With the juxtaposition, we see Flint and Olivia and Mac and Abby dancing indicating that Flint will become more like Mac, the traditional Army guy to whom wife and family matters, while Brittles, Tyree and Pennell signal the men who make the necessary sacrifices, including a happy personal life, to move the country forward.

 

I do have to admit, after the end, I thought, "oh good, I get to hear what Ben M has to say" and only then did I realize I wasn't watching the channel I thought I was but was watching Retroplex instead. :oops:

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Every so often one comes upon blighted soul who utteres the unutterable and berates the Duke's skill as an actor and as soon as I cease my "burn" I ask if they have seen this film and if they have my following question is who could possibly have done it better? My question is usually followed by silence.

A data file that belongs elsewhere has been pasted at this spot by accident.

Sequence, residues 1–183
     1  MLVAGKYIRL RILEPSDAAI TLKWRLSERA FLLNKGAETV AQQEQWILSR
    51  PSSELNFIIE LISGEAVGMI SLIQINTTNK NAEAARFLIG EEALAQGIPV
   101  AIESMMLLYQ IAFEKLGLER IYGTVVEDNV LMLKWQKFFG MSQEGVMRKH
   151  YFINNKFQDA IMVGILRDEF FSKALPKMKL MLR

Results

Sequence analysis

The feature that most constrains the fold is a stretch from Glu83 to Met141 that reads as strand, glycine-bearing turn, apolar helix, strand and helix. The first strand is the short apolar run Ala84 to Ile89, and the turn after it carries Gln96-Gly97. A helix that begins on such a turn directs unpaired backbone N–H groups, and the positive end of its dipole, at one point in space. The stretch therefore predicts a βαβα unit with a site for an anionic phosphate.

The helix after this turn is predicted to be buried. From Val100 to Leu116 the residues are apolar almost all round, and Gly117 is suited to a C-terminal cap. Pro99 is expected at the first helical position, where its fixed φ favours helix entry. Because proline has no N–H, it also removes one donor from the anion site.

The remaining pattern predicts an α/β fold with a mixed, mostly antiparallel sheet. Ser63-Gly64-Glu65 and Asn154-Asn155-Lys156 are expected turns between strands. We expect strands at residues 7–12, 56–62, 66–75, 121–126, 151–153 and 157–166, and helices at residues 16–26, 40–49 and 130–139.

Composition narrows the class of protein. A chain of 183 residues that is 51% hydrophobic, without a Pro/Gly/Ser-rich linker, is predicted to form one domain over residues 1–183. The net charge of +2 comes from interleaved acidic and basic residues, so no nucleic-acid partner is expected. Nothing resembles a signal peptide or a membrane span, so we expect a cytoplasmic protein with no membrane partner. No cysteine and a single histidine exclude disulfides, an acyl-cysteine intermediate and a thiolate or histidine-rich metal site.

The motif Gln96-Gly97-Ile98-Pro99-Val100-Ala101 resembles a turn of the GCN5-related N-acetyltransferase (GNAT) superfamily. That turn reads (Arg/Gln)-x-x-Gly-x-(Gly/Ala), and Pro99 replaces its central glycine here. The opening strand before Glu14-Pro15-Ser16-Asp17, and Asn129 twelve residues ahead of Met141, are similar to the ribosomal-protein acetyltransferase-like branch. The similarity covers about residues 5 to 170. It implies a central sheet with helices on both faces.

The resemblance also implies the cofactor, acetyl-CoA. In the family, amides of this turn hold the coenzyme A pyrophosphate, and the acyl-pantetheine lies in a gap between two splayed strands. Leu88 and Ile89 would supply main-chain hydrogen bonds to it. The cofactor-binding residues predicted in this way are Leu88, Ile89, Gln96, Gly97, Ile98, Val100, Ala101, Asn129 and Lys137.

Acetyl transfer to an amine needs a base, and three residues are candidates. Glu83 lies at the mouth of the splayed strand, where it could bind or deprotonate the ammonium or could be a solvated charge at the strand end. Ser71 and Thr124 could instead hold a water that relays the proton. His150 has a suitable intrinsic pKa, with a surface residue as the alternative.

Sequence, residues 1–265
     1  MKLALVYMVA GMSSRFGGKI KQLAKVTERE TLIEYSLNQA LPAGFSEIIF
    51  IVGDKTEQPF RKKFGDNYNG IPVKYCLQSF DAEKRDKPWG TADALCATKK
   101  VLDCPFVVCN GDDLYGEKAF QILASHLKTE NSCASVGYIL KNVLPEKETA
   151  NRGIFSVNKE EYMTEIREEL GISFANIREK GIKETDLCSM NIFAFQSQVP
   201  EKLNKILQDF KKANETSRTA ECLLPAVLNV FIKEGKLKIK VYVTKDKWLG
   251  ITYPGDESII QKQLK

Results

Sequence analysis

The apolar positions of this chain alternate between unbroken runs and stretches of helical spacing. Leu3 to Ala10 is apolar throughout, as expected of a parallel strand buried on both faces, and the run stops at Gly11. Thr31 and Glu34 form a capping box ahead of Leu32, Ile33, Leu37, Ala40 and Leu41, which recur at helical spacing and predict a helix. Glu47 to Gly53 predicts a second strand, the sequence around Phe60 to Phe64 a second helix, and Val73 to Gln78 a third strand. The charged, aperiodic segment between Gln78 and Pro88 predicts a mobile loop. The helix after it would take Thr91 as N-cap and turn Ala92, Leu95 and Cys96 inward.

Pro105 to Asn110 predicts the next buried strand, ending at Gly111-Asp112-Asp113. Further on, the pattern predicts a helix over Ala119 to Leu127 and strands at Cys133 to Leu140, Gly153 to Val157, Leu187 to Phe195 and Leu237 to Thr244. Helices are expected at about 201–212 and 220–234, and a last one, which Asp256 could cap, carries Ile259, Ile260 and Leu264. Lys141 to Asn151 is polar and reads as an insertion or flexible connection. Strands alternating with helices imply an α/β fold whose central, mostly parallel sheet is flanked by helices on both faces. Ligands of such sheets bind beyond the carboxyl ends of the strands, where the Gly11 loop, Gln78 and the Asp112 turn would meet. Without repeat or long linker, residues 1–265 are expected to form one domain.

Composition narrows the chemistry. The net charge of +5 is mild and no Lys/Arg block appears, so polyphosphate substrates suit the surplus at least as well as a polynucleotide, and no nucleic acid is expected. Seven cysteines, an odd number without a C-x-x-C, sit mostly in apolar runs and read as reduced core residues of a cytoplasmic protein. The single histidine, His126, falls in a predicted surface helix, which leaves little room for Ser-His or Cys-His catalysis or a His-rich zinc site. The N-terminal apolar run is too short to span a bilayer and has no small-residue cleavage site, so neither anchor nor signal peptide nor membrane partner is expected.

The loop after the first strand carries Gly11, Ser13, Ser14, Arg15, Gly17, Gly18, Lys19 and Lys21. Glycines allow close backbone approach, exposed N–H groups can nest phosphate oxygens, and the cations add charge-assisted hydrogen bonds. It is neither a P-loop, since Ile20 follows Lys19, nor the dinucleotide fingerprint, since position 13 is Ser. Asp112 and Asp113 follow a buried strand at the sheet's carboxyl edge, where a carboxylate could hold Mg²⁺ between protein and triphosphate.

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Lynn, in all the times I've seen this movie I've never noticed this. I'm waking up to it in the morning and will check this out. And I also get my stations mixed up at times. Thank you for the insight; I hope letting you know you're not alone was payback.

 

I just caught your scene and think you're on to something. Another thought is that the Army is made up of all kinds of people and there's a place for a privileged Eastern guy like Pennell as well as those old vets who know the territory inside out. In the end that doesn't matter as long as they're a fighting team.

 

Also, these men got little respect, even from their surperiors. The length of time it took to get a promotion was a running joke-3 years for a stripe, 10 or 12 years for 2nd to 1st Lt.-but considering what was being asked of and what it took out of them, this seemed absurd. The thing it did was show their loyalty to the Army and their country. With what's going on today, that part hasn't changed. Thank you to all those for whom this applies.